As the entertainment at this stage is growing rather thin, and our host appears somewhat anxious and weary, the European ladies adjourn by invitation to view their Hindu sisters, hidden from vulgar male curiosity … Everywhere about the floor of the inner sanctum lie wee brown babies, sleeping peacefully in their stiff, gold-lace caps, looking not unlike luscious chocolate drops decorated by a French confectioner. (qtd. in Romero 115)
Joan Rosita Forbes, East Africa:
As soon as a married couple arrive at a suitable age they are entitled to a portion of the family land, sufficiently large for its products to support them. This is chosen by arbiters appointed by the district, within whose bounds the husband has the right to cut sufficient wood for the construction of his house. Friends and relations carry this material to the appointed site. (Forbes qtd. in Romero 144)
Miss John Gray, Canton:
The courtesy of the Chinese is very great. You feel on entering one of their houses that their great desire is to please you and that their whole attention is given to you as a guest. Henry says when he has called a house of mourning, in which, according to Chinese custom, the seats of the chairs are covered with blue, a servant has been called to bring a red covering to place on the chair intended for him, as a Chinese gentleman consider it is not kind to make his friends mourn for his particular loss. (qtd. in Robinson 300)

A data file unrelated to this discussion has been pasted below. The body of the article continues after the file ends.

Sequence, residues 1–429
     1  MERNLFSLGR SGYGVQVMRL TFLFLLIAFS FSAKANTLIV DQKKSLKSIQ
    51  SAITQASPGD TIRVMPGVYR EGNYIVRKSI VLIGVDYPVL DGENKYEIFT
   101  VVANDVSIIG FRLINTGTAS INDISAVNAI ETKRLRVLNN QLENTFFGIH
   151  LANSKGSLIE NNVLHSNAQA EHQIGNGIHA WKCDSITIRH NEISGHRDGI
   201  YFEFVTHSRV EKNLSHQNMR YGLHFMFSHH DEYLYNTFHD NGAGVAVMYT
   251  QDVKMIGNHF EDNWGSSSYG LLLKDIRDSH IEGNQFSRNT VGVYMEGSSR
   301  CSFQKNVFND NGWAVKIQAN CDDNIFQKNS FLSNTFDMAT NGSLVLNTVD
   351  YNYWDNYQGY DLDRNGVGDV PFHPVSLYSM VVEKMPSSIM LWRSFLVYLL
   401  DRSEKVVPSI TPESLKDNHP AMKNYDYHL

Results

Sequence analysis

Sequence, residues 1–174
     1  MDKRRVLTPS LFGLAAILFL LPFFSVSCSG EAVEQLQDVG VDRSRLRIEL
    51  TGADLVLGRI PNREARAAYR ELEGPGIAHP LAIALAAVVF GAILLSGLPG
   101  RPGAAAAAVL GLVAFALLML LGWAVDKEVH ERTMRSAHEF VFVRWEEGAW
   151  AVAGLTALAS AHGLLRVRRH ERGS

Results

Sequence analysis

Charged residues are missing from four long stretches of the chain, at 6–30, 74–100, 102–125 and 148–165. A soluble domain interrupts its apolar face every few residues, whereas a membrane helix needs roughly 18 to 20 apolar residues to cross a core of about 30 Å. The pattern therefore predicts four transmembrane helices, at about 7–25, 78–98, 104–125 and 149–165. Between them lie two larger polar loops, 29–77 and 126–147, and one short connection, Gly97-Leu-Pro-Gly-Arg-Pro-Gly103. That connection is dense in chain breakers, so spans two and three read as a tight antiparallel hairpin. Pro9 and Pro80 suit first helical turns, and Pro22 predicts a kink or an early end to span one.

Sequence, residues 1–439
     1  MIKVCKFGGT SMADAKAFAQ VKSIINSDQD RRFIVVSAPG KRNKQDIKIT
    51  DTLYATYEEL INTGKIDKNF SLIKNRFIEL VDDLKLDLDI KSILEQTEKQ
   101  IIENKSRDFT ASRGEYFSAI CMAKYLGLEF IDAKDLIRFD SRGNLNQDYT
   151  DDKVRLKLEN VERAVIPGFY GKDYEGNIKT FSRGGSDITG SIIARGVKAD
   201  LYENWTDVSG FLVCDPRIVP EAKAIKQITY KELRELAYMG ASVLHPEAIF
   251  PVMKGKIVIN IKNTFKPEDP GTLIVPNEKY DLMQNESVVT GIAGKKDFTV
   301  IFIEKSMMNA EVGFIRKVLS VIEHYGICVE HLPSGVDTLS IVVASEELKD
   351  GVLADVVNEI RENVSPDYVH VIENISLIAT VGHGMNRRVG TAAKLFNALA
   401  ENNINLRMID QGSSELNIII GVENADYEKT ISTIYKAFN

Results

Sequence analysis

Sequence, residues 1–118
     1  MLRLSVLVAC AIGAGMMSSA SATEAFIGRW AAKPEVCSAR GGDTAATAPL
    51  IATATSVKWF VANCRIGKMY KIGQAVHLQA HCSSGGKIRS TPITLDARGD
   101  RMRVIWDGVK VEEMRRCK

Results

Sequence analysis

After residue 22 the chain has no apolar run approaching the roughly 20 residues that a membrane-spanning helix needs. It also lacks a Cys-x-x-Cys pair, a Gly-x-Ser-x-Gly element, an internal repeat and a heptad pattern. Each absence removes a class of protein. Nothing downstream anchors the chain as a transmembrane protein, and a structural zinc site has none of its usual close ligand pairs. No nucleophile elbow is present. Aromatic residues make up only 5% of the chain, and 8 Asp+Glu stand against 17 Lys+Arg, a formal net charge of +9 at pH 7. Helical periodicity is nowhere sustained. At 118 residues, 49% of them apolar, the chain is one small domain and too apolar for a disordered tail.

Lady Sheil, Persia:
Here then we are fairly launched on the monotonous current of life in Persia. To a man the existence is tiresome enough, but to a woman it is still more dreary. The former has the resource of his occupation, the sports of the field, the gossip and the scandal of the town, in which he must join whether he likes to or not; and finally, Persian visiting cannot be altogether neglected, and if freely entered into, is alone a lavish consumer of time. With a woman it is otherwise. She cannot move abroad without being thickly veiled; she cannot amuse herself by shopping in the bazaars, owing to the attention she would attract unless attired in Persian garments. This is precluded by the inconvenience of the little shoes hardly covering half the foot, with a small heel three inches high in the middle of the sole. (qtd. in Robinson 174-175)
- Blunt, Alison. Travel, Gender, and Imperialism: Mary Kingsley and West Africa. New York: The Guilford Press, 1994.
- Ghose, Indira. Women Travelers In Colonial India: The Power of the Female Gaze. Calcutta: Oxford University Press, 1998.
- Romero, Patricia. Women’s Voices on West Africa. Princeton: Princeton University Press, 1992.
- Robinson, Jane. Unsuitable For Ladies: An Anthology of Women Travelers. New York: Oxford University Press, 1994.
- Stevenson, Catherine Barnes. Victorian Women Travel Writers in Africa. Boston: Twayne Publishers, 1982.
Victorian Women Writers
Author: Aziza Ahmed, Fall 1998
Last edited: October 2017